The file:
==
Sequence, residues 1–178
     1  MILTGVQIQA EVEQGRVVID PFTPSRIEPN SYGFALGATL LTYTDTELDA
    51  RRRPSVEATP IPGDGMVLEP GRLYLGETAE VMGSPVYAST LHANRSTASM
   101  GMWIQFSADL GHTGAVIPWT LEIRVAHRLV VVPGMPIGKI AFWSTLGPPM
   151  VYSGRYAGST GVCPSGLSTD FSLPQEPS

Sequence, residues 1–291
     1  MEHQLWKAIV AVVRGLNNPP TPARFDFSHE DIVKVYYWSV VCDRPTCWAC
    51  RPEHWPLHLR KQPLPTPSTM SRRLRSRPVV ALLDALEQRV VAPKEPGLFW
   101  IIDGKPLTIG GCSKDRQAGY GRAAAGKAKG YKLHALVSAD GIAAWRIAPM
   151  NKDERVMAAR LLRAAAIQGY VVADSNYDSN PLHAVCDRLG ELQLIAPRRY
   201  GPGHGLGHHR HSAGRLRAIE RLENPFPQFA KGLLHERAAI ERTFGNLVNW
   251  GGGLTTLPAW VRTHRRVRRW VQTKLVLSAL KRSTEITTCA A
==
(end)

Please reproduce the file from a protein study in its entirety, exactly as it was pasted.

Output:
Sequence, residues 1–178
     1  MILTGVQIQA EVEQGRVVID PFTPSRIEPN SYGFALGATL LTYTDTELDA
    51  RRRPSVEATP IPGDGMVLEP GRLYLGETAE VMGSPVYAST LHANRSTASM
   101  GMWIQFSADL GHTGAVIPWT LEIRVAHRLV VVPGMPIGKI AFWSTLGPPM
   151  VYSGRYAGST GVCPSGLSTD FSLPQEPS

Sequence, residues 1–291
     1  MEHQLWKAIV AVVRGLNNPP TPARFDFSHE DIVKVYYWSV VCDRPTCWAC
    51  RPEHWPLHLR KQPLPTPSTM SRRLRSRPVV ALLDALEQRV VAPKEPGLFW
   101  IIDGKPLTIG GCSKDRQAGY GRAAAGKAKG YKLHALVSAD GIAAWRIAPM
   151  NKDERVMAAR LLRAAAIQGY VVADSNYDSN PLHAVCDRLG ELQLIAPRRY
   201  GPGHGLGHHR HSAGRLRAIE RLENPFPQFA KGLLHERAAI ERTFGNLVNW
   251  GGGLTTLPAW VRTHRRVRRW VQTKLVLSAL KRSTEITTCA A